Erica Denhoff/ALOST


akoiki-passport2 – by Adesina O. Koiki
A Lot of Sports Talk editor-in-chief

GLENDALE, ARIZONA — Some of the final words Connecticut head coach Dan Hurley uttered to the group of reporters huddled just outside of the Huskies locker room were drowned out by a boom box-toting, oversized-chain wearing Donovan Clingan, who had the volume of the hip-hop music blaring through those speakers at a Spinal Tap-level “11” while walking down the State Farm Arena hallway, and soon after he and his team secured their place in college basketball history.

The Connecticut Huskies won their sixth national championship on Monday night, the No. 1 overall seed defeating fellow No. 1 seed Purdue 75-60 and becoming the first team since the Florida Gators of 2007 to repeat as national champions. Fitting of Clingan’s exit from the locker room, the Huskies were too loud and too confident, and they knew it — and the Boilermakers knew it the second Connecticut broke open a six-point halftime lead early in the second half and virtually cruised the rest of the final 20 minutes.

Clingan, the gangly 7-foot-2 center from Maine who made the All-Tournament Team, won’t be mistaken for Radio Raheem from the Spike Lee movie Do the Right Thing, but Hurley was quick to reference the film soon after the music was just far enough away for the reporters to hear Hurley’s thoughts once more. But, for over the past two seasons, especially during the NCAA Tournament, the Huskies not only resemble the look of one of college basketball’s all-time great teams, but carry the swagger of a 1980s rap artist, dropping bars about their slick rhymes, endless swag, and laying waste to any sucker MCs who dare think they are in the same class of musician as them during any battle rap.

One didn’t need to see Clingan saunter his way toward the team bus to observe the swagger. Hurley oozed that bravado just minutes earlier while on the stage during the championship ceremony on center court while being interviewed by Turner Sports’ Ernie Johnson.

“For the last 25, 30 years, UConn’s been running college basketball,” a triumphant Hurley exclaimed, soon followed by rapturous cheers from the Huskies fans who remained in the arena.

Six national championships, all since 1999. A perfect 6-0 in national championship games, and a 12-1 overall record in Final Four contests. Twelve consecutive wins in the NCAA Tournament, all by double-digit margins. First men’s team to win back-to-back titles in 17 years.

Those stats make up a Nas “Ether”-like diss track.

Tonight’s matchup was supposed to provide the Huskies the most resistance in any of those tournament games, with back-to-back Naismith Player of the Year Zach Edey providing the muscle that was supposed to give Clingan and the rest of Connecticut fits. In fact, Edey was by far the best player of the first half, scoring 16 points with five rebounds and two blocks, with shades of Virginia-era Ralph Sampson and Georgetown-era Patrick Ewing emanating from the 7-foot-4 Canadian as she showed an array of post moves to score.

All that, and the Huskies were still up 36-30 at the break. No sweat was broken despite all the bluster from Edey, who finished with a game-high 37 points and 10 rebounds.

“We watched the film. [Purdue] gets their three-pointers off people going down [in the post] and helping off Edey,” said Tournament Most Outstanding Player Tristen Newton, who scored 20 points. “[We] did a great job game-planning and made sure it was a focus that we didn’t leave the three-point line and let Edey do his damage. He only shoots twos. He doesn’t shoot threes. If he makes 15 twos like he did today, that’s 30. Where are the rest of the points going to come from?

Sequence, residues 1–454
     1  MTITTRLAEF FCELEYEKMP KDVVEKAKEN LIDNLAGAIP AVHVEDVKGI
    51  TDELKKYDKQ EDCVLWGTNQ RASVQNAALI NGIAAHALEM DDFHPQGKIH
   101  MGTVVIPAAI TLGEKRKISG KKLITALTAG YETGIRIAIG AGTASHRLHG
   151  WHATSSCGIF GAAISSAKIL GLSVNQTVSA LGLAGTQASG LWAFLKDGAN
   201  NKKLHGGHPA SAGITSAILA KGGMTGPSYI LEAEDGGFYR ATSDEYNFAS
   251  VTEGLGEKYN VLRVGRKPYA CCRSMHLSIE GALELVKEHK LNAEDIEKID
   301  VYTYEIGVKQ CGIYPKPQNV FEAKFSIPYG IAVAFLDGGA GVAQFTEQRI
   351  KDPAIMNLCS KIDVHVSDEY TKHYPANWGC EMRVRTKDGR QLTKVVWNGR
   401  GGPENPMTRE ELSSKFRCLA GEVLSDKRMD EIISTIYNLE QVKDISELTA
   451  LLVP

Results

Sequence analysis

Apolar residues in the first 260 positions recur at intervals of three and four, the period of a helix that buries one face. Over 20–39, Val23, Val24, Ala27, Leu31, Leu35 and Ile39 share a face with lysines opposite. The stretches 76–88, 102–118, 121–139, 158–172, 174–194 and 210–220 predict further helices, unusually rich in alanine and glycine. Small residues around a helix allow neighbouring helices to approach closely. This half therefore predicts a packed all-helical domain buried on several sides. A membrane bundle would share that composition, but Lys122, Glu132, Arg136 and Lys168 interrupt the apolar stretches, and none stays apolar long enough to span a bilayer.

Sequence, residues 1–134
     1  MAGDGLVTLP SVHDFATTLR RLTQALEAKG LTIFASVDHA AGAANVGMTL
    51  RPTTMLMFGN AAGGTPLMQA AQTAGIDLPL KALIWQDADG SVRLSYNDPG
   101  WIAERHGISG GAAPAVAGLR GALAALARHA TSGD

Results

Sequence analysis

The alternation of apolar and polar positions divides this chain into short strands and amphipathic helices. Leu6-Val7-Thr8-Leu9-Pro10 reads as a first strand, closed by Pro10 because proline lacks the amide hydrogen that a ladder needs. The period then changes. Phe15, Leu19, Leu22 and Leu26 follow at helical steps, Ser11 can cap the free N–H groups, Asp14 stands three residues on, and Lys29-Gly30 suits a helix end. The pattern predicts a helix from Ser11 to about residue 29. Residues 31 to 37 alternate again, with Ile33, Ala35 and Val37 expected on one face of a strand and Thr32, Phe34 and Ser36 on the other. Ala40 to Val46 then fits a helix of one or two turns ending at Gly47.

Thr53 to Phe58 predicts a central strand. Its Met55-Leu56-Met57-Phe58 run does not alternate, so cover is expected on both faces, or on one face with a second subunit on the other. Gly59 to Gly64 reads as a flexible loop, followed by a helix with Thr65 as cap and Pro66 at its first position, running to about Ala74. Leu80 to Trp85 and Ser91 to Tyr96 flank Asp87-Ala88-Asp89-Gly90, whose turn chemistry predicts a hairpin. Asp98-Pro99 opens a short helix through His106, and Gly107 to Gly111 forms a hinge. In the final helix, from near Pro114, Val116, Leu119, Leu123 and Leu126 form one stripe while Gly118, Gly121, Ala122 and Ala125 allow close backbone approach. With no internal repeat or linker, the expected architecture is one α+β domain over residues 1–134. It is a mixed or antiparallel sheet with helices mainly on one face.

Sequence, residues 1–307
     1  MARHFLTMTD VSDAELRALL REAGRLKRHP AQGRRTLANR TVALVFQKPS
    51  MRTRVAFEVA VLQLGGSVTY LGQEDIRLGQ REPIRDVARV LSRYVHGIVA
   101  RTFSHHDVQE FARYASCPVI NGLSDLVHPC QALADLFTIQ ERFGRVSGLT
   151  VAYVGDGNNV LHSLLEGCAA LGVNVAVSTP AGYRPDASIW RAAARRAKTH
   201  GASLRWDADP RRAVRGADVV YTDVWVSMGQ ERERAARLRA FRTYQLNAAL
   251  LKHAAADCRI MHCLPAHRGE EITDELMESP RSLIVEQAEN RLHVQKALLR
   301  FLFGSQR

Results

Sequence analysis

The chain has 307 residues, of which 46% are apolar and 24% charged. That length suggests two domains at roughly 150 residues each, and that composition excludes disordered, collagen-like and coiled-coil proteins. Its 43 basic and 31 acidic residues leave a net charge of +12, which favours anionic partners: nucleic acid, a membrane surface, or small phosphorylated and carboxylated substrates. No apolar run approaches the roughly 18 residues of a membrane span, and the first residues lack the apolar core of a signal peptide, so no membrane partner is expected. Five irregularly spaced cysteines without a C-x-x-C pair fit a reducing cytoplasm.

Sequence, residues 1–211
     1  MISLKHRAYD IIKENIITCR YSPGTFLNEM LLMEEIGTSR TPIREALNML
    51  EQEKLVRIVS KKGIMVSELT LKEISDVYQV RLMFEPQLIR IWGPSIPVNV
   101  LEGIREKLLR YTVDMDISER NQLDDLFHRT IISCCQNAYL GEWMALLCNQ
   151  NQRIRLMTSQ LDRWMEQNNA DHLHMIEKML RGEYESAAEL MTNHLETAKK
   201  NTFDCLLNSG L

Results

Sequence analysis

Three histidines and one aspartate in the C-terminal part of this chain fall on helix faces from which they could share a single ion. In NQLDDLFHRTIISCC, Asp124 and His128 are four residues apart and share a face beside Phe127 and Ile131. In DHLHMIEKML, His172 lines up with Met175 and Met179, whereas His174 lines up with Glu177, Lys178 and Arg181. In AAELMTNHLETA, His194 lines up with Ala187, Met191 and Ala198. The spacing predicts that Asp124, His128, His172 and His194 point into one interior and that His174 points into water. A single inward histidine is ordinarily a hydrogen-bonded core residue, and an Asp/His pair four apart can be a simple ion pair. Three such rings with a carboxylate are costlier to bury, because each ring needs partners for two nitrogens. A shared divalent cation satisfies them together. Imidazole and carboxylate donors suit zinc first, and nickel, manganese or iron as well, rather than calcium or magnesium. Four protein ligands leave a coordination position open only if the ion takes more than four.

Oof. Sick burn.

Connecticut absolutely shit out the Boilermakers’ water from the outside, and made the second-best three-point shooting team in the country in terms of field goal percentage only attempt seven three-pointers, tied for the second-fewest amount of threes attempted in national championship game history. Oh, and Purdue hit on just one of those seven long balls.

While Purdue’s lines were off-key, the Huskies’ music on offense was much sweeter, hitting on a couple of alley-oops to Samson Johnson and getting out in transition for layups and open three-pointers. Purdue, the team that was regarded as the best or second-best team in the country by many pundits throughout the year were made to be just background dancers to Connecticut’s show-stealing concert on the State Farm Arena stage.

Hurley, showing his class, heaped praise on the Boilermakers afterward, calling them “clearly the second-best team in college basketball” during the interview on stage and saving more plaudits for the press conference.

“It was a privilege to share the court with Matt Painter and Purdue, one of the top programs in the country, one of the best coaches in the country. Just total class personified across the board with those guys.”

But carrying that Jersey City swagger, which mimics that of the confidence many have who were reared in the birthplace of hip-hop in nearby New York City, Hurley also uttered “we clearly are the best team in college basketball” right before mentioning Purdue being the second-best. And after the praise for Painter and his program, he also stated another truth.

“Obviously, what could you say? We won — by a lot, again.”

*Mic drop*

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Tags : Big East ConferenceBig Ten ConferenceConnecticut HuskiesFinal FourNational ChampionshipPurdue Boilermakers

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